Human Rights Watch has condemned a court ban on Egypt's leading pro-democracy movement as a violation of freedom of association and assembly.
A court on Monday banned the April 6 Youth Movement — one of the groups that engineered the 2011 uprising that toppled autocrat Hosni Mubarak. The ruling stemmed from a private lawsuit brought by a lawyer who accused the group of defaming the country and colluding with foreign parties.
“Banning political dissent won’t make it go away,” said Joe Stork, deputy Middle East and North Africa director at Human Rights Watch. “A judge’s gavel can’t turn back the clock to before 2011.”
April 6 had opposed Islamist president Mohamed Morsi and supported his ouster last summer, but shifted its stance against the interim authorities to protest their crackdown on dissent. The group has frequently accused the interim leaders of quashing freedoms and giving the police a free hand.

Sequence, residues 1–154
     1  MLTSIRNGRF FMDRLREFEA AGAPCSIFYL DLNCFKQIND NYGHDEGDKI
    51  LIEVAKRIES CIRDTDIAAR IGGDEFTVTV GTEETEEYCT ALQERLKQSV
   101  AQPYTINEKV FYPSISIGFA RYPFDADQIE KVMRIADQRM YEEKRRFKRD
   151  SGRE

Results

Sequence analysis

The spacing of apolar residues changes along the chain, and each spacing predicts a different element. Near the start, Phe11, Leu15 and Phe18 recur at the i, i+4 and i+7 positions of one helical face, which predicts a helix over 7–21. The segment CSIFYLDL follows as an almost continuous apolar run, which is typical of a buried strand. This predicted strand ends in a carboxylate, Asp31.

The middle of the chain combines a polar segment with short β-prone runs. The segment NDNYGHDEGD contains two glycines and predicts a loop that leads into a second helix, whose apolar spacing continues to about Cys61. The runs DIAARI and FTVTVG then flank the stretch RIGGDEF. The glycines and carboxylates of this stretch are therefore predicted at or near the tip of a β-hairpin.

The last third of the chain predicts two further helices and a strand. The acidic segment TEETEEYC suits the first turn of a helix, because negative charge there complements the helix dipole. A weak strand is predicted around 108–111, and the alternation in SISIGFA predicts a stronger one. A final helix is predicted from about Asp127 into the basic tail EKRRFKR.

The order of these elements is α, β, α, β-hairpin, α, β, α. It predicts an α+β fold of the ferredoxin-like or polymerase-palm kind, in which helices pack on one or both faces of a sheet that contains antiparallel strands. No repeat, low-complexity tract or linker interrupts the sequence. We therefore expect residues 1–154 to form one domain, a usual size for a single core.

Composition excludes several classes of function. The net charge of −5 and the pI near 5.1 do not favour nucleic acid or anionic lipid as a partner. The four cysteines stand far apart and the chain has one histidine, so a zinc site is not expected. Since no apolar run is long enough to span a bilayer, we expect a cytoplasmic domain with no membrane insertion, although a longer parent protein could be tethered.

Local media has cast April 6 as a treasonous movement with foreign agendas.
"The court’s ruling marked a further escalation in the government’s campaign against all peaceful opposition," the New York-based group said on Wednesday.
In December, leading members of April 6 - Ahmed Maher, Mohamed Adel and longtime activist Ahmed Douma - were sentenced to three years in prison on charges including protesting illegally. Their appeals were rejected earlier this month.
“Years of vilification did not silence the youth who risked their lives for a more democratic Egypt, and this ruling won’t either,” Stork said.
“Rather than enforcing this ban, authorities should be vigorously defending the rights enshrined in Egypt’s constitution.”